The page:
Children and pregnancy,Acupuncture,Acutreatment,Cure without medicine,Children,pregnancy,Treatment,Cure,Medicine,Pain,Pregnant women,Death,Needle,Cardiac rupture,Hemoptysis

When used on children, acupuncture is safe when administered by well-trained, licensed practitioners using sterile needles; however, a 2011 review found there was limited research to draw definite conclusions about the overall safety of pediatric acupuncture. The same review found 279 adverse events, of which 25 were serious. The adverse events were mostly mild in nature (e.g. bruising or bleeding). The prevalence of mild adverse events ranged from 10.1% to 13.5%, an estimated 168 incidences were among 1,422 patients.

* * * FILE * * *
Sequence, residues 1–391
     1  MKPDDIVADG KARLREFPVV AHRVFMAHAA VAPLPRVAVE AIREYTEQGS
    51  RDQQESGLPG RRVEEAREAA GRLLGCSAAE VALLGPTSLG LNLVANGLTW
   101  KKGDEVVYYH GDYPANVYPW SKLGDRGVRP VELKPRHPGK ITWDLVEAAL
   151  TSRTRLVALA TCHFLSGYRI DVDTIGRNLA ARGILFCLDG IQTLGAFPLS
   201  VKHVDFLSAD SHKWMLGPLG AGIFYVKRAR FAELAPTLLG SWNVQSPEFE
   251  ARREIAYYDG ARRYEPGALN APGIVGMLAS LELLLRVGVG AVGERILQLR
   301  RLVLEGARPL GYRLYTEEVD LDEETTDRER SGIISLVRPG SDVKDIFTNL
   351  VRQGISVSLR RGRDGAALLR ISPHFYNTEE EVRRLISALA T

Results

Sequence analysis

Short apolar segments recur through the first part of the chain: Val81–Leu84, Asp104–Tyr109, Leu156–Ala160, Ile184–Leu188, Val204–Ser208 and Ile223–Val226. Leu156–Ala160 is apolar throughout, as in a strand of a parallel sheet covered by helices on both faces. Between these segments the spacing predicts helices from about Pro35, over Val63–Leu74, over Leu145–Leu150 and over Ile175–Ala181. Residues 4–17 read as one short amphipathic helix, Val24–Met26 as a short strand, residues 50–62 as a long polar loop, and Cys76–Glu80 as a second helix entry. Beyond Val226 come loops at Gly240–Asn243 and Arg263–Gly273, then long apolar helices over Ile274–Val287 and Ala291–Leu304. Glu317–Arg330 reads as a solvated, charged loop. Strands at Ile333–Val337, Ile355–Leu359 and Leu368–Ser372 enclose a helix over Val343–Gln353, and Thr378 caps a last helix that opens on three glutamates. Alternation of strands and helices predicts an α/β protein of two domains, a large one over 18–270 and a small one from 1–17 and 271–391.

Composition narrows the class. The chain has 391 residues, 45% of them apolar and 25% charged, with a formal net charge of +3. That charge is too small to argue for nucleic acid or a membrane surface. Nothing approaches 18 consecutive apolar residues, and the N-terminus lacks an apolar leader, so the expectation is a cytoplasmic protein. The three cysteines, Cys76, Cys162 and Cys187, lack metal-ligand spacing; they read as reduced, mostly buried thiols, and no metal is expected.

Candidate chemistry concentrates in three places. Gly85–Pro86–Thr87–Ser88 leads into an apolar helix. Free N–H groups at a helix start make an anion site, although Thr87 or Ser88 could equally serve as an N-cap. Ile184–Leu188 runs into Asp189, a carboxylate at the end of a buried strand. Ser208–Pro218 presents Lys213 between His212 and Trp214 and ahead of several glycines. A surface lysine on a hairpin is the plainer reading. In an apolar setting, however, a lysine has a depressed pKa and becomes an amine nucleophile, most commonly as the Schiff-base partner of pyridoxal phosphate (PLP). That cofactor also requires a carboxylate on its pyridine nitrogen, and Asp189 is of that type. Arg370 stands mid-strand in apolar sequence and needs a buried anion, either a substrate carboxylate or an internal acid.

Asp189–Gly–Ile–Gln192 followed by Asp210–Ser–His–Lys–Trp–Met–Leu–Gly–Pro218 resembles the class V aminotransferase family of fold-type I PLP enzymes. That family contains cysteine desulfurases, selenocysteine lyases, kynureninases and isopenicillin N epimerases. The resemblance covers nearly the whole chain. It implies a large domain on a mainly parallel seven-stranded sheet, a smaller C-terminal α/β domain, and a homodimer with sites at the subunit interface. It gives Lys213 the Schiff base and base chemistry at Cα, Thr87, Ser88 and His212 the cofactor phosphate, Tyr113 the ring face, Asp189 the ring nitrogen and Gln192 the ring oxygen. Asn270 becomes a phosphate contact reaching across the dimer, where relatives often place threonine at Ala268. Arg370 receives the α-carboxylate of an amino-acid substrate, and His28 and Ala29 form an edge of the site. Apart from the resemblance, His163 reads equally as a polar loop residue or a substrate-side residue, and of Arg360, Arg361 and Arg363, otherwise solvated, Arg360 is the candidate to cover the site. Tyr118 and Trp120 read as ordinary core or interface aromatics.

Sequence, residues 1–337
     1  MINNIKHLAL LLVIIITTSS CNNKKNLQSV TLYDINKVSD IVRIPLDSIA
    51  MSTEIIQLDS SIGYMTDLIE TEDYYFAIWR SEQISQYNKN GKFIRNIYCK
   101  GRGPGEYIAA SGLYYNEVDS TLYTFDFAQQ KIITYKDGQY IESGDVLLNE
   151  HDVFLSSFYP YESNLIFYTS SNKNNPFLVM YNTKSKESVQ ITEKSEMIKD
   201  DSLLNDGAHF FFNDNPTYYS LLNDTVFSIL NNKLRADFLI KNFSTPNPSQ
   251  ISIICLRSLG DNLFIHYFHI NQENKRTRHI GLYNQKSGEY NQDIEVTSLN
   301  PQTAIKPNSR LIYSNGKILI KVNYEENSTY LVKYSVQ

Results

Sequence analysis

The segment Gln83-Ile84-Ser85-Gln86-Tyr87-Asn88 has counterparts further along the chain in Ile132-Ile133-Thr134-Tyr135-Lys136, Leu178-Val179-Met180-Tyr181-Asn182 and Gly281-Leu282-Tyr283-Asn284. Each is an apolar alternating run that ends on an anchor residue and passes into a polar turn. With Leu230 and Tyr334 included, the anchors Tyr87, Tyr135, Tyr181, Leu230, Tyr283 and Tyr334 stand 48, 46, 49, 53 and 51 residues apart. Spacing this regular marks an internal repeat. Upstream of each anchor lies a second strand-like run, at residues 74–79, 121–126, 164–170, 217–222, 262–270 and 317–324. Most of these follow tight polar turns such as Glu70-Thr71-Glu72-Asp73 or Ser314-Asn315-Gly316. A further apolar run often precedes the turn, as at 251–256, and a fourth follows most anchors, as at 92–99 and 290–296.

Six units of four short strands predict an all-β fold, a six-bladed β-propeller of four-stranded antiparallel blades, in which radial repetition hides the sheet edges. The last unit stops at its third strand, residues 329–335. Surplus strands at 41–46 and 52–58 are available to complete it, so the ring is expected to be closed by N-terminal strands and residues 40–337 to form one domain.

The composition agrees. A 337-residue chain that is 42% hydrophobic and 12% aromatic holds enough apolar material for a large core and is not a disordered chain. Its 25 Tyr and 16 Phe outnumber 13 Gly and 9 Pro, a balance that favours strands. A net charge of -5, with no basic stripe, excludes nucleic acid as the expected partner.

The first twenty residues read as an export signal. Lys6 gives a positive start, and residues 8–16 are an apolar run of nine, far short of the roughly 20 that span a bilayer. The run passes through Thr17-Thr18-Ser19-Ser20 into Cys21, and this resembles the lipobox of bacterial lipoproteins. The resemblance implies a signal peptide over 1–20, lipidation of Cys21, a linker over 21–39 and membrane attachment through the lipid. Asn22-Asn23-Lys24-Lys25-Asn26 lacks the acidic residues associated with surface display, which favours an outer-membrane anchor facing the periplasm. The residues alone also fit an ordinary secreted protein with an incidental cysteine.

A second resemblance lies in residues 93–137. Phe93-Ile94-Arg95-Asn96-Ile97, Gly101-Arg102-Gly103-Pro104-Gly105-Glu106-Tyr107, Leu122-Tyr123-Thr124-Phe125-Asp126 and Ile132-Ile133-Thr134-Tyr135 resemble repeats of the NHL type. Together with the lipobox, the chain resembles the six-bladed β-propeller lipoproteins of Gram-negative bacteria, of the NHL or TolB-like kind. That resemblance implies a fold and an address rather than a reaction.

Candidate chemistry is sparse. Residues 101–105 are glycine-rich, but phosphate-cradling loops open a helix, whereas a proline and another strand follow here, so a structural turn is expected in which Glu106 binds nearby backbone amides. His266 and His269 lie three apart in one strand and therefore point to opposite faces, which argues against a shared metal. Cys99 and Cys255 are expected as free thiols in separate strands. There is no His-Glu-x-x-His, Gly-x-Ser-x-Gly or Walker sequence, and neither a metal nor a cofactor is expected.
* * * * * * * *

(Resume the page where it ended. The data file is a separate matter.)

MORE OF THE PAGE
On rare occasions adverse events were serious (e.g. cardiac rupture or hemoptysis), many might have been a result of substandard practice. The incidence of serious adverse events was 5 per one million, which included children and adults. When used during pregnancy, the majority of adverse events caused by acupuncture were mild and transient, with few serious adverse events. The most frequent mild adverse event was needling or unspecified pain, followed by bleeding. Although two deaths (one stillbirth and one neonatal death) were reported, there was a lack of acupuncture associated maternal mortality. Limiting the evidence as certain, probable or possible in the causality evaluation, the estimated incidence of adverse events following acupuncture in pregnant women was 131 per 10,000. Although acupuncture is not contraindicated in pregnant women, some specific acupuncture points that are particularly sensitive to needle insertion; these spots, as well as the abdominal region, should be avoided during pregnancy.




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